By LOUIS C. HOCHMAN
When Tom Chung describes Montclair, he talks about many of the same qualities others do. It’s a place he enjoys for its diversity, and for the community’s progressive values. It’s a place where his family has felt welcome.
It’s not a place where Chung — an American of Korean descent married to a white woman with whom he has three young children — expected to hear the words: “Why don’t you keep spreading COVID, you f—— ch—.”
“I was so stunned. My jaw dropped, and I just sat there,” Chung said.
The incident happened Sunday, March 28, he said. His family had friends over, and his children had been playing outside, when he noticed a man sitting in a parked car for 45 minutes on the street, Chung said. First, the man said he was waiting for someone who lived on the street, but wouldn’t say who, Chung said. When he asked the man to move — leery of a stranger close to his children without more of an explanation — the man instead said he pulled over because he had a heart condition, Chung said. The man became angry and confrontational, he said.
“Anger was the last thing I was feeling. First, it was just shock,” Chung said. “And then, like 20 seconds later, I was like, ‘Oh my God. This guy isn’t right in the head. And my kids are right there. And he knows where I live.’”
Montclair police Lt. Tyrone Williams said the incident remains under investigation, and was considered a bias incident, but not a crime. Chung said he also didn’t believe it rose to a crime — but also wanted the man to know he’d gotten law enforcement’s attention.
Chung and his family are far from alone in their experience — made uneasy and at times fearful by increased reports nationwide of anti-Asian bias, hate and even violence in the coronavirus pandemic. It’s a fear made more acute by March 16’s Atlanta massage parlor shootings that claimed the lives of eight people — six of them Asian women. It’s a fear that has drawn hundreds of members in just weeks to a newly formed AAPI Montclair Facebook group (for Asian American and Pacific Islander residents), where participants recount their own experiences with overt hate and with more subtle acts of othering, and discuss steps to protect themselves and their families.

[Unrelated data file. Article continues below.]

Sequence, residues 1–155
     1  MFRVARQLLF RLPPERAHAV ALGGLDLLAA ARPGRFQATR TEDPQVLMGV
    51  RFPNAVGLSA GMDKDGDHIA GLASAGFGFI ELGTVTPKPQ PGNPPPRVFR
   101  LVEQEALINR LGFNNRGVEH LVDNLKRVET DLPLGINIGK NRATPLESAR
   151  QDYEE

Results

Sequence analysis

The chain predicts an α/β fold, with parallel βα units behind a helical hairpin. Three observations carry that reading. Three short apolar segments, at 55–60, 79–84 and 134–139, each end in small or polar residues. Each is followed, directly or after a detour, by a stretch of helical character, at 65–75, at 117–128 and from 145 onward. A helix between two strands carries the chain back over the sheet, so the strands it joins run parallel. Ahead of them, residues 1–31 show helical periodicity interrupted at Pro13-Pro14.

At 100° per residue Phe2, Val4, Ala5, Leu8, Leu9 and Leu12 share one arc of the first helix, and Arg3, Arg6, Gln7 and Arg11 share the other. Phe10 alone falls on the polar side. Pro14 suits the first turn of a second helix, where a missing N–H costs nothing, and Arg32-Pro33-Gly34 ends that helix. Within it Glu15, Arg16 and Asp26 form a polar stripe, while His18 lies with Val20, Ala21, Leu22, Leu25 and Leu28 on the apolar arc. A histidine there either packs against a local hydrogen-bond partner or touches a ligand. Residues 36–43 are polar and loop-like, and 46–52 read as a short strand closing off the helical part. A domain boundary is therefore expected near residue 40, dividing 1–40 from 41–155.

Chung’s children attend Montclair Kimberley Academy, but many other members of the Montclair AAPI community find themselves faced with an immediate worry — that their children will soon return to in-person learning in township public schools for the first time in a year, for the first time since the pandemic began.
“I’ve seen a growing number of AAPI parents who have communicated concern, or even decided not to send their children back to in-person classes, in light of the staggering rise in anti-Asian sentiment and hate,” said Jeena Moon, who in collaboration with other parents drafted a March 31 letter, now signed by hundreds of Montclair residents, asking the district to take proactive measures to combat anti-Asian bias and bullying.
When the district asked families earlier this school year whether they planned to return their children for a hybrid learning plan or keep their children learning remotely — as New Jersey allows families in any district to do this year — about 52% of Asian students expected to remain home. The only racial or ethnic demographic that saw a majority of students planning to return was that of white students. The district has recently asked families for updated preferences, but hasn’t yet released the results of that outreach.
The letter to the district stresses anti-Asian hate isn’t a problem foreign to Montclair. It asks for a letter from the district acknowledging “the current climate of anti-Asian hate nationally and locally (yes, even in Montclair),” and for concrete steps to ensure the return to school is welcoming for all children. It seeks an affirmation that schools won’t tolerate racism, xenophobia or bullying, and that school leaders will educate the community on the many forms racism and microaggressions can take — for instance, calling the coronavirus the “China virus,” speaking in “fake Chinese” or expecting Asian students to be “model minorities.”
The letter asks the district to share resources on anti-racism, mental health and cultural competency with educators in advance of reopening, and to ensure school counselors and anti-bullying coordinators are trained in anti-racism, including anti-Asian racism.
The letter is, in part, the product of the discussion happening in AAPI Montclair and other community Facebook groups.
“I was a little overwhelmed about how stories came in and people started sharing their experiences,” Linda Kow, one of the AAPI Montclair administrators, said.